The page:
Question

What is JEDP?

Answer

JEDP, or the Documentary Hypothesis, is a theory that states that the first five books of the Bible, called the Pentateuch (Genesis, Exodus, Leviticus, Numbers, and Deuteronomy), were not written completely by Moses, but by different authors.

The Spirit of the Reformation Study Bible, regarding Genesis, states:

Because this book is part of the unified Pentateuch, establishing its authorship cannot be entirely separated from the composition of Exodus, Leviticus, Numbers and Deuteronomy (see "Introduction to the Pentateuch"). Evidences for Genesis itself suggest that, as is the case with the rest of the Pentateuch, Moses, under the Holy Spirit's inspiration, gave the book its essential substance; therefore, he may correctly be called its author. Later inspired editors modernized and supplemented it in a number of places to form the book as we have it today.

It would be arbitrary to exclude Genesis from the New Testament testimony that Moses authored the Pentateuch. More specifically, our Lord said, "Moses gave you circumcision" (Jn 7:22; see also Ac 15:1), a rite that was uniquely laid out in Genesis 17.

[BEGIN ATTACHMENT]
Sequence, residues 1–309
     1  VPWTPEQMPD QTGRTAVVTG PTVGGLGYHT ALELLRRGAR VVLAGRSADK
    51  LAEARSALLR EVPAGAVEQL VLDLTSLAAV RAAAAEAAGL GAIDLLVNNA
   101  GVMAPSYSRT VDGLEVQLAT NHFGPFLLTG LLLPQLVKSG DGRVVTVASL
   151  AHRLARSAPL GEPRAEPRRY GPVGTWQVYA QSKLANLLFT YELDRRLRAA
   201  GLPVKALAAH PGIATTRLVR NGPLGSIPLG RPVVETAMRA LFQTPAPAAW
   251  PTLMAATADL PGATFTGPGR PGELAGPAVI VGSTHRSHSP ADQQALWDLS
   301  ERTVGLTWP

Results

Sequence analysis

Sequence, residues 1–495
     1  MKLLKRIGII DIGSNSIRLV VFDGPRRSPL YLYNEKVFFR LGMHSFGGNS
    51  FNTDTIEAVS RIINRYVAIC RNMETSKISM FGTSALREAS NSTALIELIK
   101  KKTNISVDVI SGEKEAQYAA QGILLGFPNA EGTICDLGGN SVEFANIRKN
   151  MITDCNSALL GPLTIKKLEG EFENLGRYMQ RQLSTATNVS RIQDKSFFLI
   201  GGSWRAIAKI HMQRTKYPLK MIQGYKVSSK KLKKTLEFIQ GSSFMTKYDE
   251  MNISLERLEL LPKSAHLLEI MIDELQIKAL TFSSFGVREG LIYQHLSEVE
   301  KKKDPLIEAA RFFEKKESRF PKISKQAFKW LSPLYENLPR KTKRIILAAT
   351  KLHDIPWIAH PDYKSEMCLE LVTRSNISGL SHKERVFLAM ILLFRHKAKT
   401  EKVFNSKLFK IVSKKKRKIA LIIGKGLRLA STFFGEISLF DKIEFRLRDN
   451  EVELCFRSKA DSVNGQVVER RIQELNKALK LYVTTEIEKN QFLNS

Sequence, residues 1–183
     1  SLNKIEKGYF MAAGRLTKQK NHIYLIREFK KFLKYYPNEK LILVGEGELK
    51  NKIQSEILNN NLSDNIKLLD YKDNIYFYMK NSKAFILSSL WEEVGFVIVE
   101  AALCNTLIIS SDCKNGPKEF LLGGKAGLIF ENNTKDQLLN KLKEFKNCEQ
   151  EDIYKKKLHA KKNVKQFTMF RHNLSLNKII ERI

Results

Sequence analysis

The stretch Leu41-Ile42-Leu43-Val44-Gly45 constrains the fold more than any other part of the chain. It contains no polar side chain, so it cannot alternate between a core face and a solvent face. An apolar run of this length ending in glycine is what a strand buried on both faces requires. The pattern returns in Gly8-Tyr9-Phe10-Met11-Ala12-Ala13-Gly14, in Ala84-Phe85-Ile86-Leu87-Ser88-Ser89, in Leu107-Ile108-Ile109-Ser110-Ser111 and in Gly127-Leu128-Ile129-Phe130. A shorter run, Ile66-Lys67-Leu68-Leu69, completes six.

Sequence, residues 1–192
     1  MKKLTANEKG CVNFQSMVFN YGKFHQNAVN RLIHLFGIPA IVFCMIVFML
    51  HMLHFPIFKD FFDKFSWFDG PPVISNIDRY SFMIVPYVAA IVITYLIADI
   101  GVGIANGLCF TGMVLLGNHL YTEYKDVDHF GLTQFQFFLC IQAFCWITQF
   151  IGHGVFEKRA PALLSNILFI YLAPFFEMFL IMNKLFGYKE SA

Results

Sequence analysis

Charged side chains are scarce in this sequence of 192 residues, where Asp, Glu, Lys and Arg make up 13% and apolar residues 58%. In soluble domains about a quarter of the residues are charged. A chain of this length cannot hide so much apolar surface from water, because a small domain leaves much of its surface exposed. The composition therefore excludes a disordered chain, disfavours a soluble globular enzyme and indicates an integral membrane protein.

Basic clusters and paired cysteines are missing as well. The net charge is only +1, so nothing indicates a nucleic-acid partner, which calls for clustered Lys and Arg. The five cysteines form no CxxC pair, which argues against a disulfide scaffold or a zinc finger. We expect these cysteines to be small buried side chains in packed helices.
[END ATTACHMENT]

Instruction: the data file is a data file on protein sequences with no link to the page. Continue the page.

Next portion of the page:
The authorship of Genesis has also been called into question. For the past century, scholars have contended that it is composed of conflicting documents by different writers, usually identified as: J (for the writer or writers who referred to God as Jahweh/Yahweh, "the Lord"), E (for the writer or writers who referred to God as Elohim, "God"), P (for the writer or writers who were concerned with priestly matters) and D (for the writer or writers of Deuteronomy). Although this approach, commonly called the documentary hypothesis, is still widely accepted, few believe any longer that these documents can be used to reconstruct a history of Israel's religion, since all the alleged sources contain both early and late materials. To be sure, many documents were composed in the ancient Near East by combining earlier written sources, and Moses himself may have used them, but no criticism has successfully demonstrated that Moses himself could not have authorized or written from all four perspectives. Moreover, many scholars today question the criteria used for identifying these sources and emphasize instead the unity of the text in hand. For example, the flood story, a veritable textbook example of synthesis, according to the documentary hypothesis, is now conceded to have remarkable integrity.

Answer by Dr. Joseph R. Nally, Jr.

Dr. Joseph R. Nally, Jr., D.D., M.Div. is the Theological Editor at Third Millennium Ministries (Thirdmill).